One big red flag to keep an eye out for when you get a response from replying to a craigslist job post is English and grammar. If you receive a response that riddled with misspellings, bad grammar, and a little jumbled that’s usually it’s a good sign it’s a scam. Still not sure? When you respond back with a question, you’ll receive an automated response that doesn’t answer your question or even regard you last response.
Sent from Iphone
Somehow the scammers have figured out that it’s popular to send messages from an iphone. Sometimes you’ll get a response if you’re advertising job services from someone and it’ll say sent from iphone to try to make it seem like it’s coming from a real person. It’s really just an automated scam response. The red flag is that the response is usually a vague reply to your post or it will ask a question that was already clearly answered in your post or resume.
That’s not what I said.
If you post your resume or advertise services on craigslist and get a response that has nothing to do with what you posted, don’t respond. Once again, it’s just spammers on the attack. Example, I advertised social media marketing services and got this response from “email@example.com”:
“A computer technician who specializes in repair and trained in general hardware structure is needed for service, kindly let me know if you can repair in volumes”
As you can see, the English is spotty at best and in no way addresses the services or resume that I sent.
People who advertise their services or specialties on craigslist may be more familiar with this trick. You’ll receive this type of message from one email firstname.lastname@example.org telling you to contact a different email:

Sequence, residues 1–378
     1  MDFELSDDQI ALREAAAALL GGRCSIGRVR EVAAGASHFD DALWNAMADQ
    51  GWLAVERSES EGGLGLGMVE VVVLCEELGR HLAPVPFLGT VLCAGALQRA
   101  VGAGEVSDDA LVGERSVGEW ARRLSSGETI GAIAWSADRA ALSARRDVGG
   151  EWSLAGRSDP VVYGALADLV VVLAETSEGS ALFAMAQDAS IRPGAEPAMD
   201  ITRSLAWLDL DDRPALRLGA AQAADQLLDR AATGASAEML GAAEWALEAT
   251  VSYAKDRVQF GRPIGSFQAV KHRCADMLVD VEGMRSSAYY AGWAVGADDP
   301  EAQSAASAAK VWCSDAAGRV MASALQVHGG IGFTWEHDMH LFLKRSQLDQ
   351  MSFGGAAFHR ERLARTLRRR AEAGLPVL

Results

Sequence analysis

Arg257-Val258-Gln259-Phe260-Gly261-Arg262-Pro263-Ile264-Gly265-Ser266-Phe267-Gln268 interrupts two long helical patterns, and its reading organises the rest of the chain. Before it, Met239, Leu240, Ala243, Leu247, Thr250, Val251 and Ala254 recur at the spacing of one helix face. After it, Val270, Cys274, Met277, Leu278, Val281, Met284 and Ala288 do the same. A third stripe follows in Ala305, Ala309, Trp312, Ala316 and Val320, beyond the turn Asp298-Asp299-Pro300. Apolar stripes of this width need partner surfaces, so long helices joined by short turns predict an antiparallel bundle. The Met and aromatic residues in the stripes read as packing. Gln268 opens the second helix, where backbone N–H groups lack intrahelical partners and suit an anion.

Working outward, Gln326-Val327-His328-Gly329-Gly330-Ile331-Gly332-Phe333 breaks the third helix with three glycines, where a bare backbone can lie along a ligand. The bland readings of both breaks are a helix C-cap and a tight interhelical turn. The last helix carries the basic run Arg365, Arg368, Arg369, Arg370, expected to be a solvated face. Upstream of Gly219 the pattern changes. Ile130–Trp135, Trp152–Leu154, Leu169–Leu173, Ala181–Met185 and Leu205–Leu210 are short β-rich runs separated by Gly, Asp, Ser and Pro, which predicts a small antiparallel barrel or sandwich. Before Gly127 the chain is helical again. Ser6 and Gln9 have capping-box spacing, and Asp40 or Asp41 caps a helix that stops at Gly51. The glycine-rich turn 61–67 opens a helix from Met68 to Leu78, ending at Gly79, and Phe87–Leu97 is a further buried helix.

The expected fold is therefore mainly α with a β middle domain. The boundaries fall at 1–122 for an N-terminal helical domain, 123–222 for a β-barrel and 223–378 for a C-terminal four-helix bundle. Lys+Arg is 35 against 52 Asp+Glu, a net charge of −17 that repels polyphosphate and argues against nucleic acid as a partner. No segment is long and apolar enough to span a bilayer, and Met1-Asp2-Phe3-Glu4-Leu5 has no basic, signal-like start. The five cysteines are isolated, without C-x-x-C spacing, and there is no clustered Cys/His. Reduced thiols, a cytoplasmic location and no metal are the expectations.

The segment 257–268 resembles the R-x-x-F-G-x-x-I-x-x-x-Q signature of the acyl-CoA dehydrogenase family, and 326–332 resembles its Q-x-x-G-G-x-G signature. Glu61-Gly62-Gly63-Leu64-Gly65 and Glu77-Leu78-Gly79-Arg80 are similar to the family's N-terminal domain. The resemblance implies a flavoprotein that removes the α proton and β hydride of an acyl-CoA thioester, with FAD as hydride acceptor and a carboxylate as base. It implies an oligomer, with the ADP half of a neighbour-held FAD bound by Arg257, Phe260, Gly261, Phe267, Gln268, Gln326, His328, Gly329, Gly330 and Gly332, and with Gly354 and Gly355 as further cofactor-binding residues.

I need a personal assistant I can pay you $425.50 weekly for more information about job email me only at email@example.com.
Then if you delve further by contacting the new email, you’ll get sent to a different one.
Thank you for your response about the personal assistant job .I am offering the position of Personal Assistant, I'm looking for someone that can be trusted and reliable, someone with good understanding also good working skills. This is my office email and it confidential. I prefer we keep all communication through my personal email. My personal email is firstname.lastname@example.org.
Note the trademark spotty English and grammar and what’s with all the emails? This red flag is a scammer’s way of getting you to jump through hopes. They figure if you’re willing to go this far, you might be willing to go further and offer more personal information or be willing to inadvertently send them money. Or at the very least, they’ll keep adding your email to a mailing list for Viagra samples.
Out of the Country
One of the most popular red flag job scams on craigslist is the “out of the country” scheme. In this scenario, the hiring person claims to be out of the country needing someone to do various tasks for them. And of course, they’re willing to pay you up front. Example:
“Let me know if you will be able to offer me any/all of these services and also inform me where are you located? I would love to meet up with you to talk about this job but I am currently away on a
business trip. I am in Quebec Canada so there will be no interview. I will prepay you in advance to do my shopping. I will also have my mails and packages forwarded to your address. I need your service because I am constantly out of town.”